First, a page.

Mr. Trenor uses what metaphor to describe what he and Lily have been doing?
Mr. Trenor is your typical man of means and influence of the time period. He is white, male, and wealthy; therefore, he feels entitled to everything that privilege endows. With Lily, he feels more wronged against than wrong, and expects Lily to capitulate to him based on the power he has over her.
What literary element is at work here at the beginning of this chapter?
Is Gerty a 'Pollyanna' character? Read this excerpt from TV Tropes on this kind of overly-optimistic character: "When this character is played for drama... you sometimes get the feeling she's conducting some serious repression in order to continue functioning, and we are likely to see her break down; on the other hand, her infinite patience and good humor may give her away as an All-Loving Hero. If she's a member of a group that The Hero appeals to for help, count on her being the Least Is First" [or the first to volunteer, though among the least fit to do so]. Consider this as the chapter continues. (This annotation contains an image)
How does this detail separate Selden from Lily's other "suitors"? Do you think that Selden's infatuation with Lily is immutable?
Though they are cousins, Gerty has her eye on Selden as husband material. All of this constant talk of Lily is sure to try her patience, as well as test the stability of her friendship with Lily (especially if she is going to react like Lily's other friends).
In what way(s) is Selden acting like a lovesick fool?
This is an allusion to the Greek myth of Andromeda, who was chained to a rock as a sacrifice to a sea monster. Will Selden be her Perseus and "save" her? What is Lily's "sea monster," so to speak? (This annotation contains an image)
Explain the significance of this statement. How can it be applied to other instances in the novel?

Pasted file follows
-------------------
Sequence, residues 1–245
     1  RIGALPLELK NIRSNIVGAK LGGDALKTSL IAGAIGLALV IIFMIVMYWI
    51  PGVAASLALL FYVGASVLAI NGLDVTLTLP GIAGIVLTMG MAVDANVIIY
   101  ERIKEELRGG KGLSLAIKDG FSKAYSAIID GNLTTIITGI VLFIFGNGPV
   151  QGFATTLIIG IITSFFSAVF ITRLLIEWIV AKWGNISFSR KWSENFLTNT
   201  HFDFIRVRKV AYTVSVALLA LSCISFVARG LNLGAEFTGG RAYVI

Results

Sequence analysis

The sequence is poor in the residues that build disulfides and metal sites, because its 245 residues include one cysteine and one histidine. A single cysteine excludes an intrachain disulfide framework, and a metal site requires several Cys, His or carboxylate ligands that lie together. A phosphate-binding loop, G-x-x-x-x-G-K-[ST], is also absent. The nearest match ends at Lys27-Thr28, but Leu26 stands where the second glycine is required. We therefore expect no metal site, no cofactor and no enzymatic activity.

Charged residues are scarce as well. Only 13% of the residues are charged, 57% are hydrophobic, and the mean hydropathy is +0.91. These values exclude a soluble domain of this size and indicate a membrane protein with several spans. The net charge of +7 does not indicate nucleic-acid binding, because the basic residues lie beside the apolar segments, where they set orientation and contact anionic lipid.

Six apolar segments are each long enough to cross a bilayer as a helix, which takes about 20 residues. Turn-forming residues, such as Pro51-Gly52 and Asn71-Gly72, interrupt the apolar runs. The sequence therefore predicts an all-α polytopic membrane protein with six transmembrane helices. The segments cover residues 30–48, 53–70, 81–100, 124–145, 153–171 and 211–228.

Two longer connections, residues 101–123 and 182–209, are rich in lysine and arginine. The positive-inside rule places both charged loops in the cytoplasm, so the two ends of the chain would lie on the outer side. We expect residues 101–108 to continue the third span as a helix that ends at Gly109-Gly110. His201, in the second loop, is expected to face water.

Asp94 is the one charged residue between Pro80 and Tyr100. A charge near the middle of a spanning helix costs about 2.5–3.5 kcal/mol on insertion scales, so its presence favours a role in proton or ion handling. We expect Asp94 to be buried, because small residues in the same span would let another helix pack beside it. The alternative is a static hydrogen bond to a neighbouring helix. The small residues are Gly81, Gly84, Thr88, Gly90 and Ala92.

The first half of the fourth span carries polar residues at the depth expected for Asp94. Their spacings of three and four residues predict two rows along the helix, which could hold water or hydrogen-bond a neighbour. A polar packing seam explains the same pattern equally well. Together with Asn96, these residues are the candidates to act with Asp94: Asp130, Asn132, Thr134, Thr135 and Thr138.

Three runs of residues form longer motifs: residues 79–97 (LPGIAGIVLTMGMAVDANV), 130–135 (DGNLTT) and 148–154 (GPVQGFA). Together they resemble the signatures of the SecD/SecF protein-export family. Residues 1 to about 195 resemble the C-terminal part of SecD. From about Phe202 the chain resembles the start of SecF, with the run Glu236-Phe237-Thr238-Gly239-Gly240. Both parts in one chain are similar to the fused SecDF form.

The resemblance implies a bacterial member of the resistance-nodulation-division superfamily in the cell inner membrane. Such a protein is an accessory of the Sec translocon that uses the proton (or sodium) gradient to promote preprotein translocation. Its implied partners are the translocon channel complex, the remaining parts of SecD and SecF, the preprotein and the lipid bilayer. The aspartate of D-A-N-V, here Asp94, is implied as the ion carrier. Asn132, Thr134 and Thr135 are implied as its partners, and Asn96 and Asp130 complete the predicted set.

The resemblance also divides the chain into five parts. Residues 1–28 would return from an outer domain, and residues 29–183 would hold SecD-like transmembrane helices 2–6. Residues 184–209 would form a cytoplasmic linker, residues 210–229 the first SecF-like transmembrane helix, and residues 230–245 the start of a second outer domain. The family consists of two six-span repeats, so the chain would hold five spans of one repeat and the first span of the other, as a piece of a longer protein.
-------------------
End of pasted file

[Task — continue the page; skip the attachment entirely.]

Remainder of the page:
What power does Lily have that Gerty lacks?
Why are Lily's statements particularly thoughtless?
So, back to the earlier question regarding Gerty. In her inability to stay mad at her friend, despite having some good reasons, can Gerty be considered a Pollyanna?
Determine Lily's thoughts upon waking up in Gerty's room.
Why is this metaphor particularly apt for this situation? What does it reveal about her opinion of Lily?
Propose an alternative way for Lily to obtain the $9,000 instead of asking her aunt for it. Is this an insurmountable sum for Lily to make on her own?
Do you see a pattern in Lily's behavior when it comes to her relationships with her friends, as well as with men?
What does Rosedale's physical stance here divulge?
Marrying Rosedale would mean an end to her financial dilemma; however, he is still an outsider in regards to class and social status. While Lily is willing to make compromises in her idea of a suitable husband for Selden, she is not so willing when it comes to Rosedale. (This annotation contains an image)
Why doesn't Lily refuse Rosedale outright?
Monte Carlo has been a fashionable destination for the wealthy from all over the world since the middle of the 19th century. (This annotation contains an image)
Why is Mrs. Fisher traveling with the Blys? Compare her current situation to Lily's position traveling with the Dorsets.
Edith Wharton and Henry James were good friends. Do you see any comparison between Lily and James's character Daisy Miller (especially in these European sections)? (This annotation contains an image)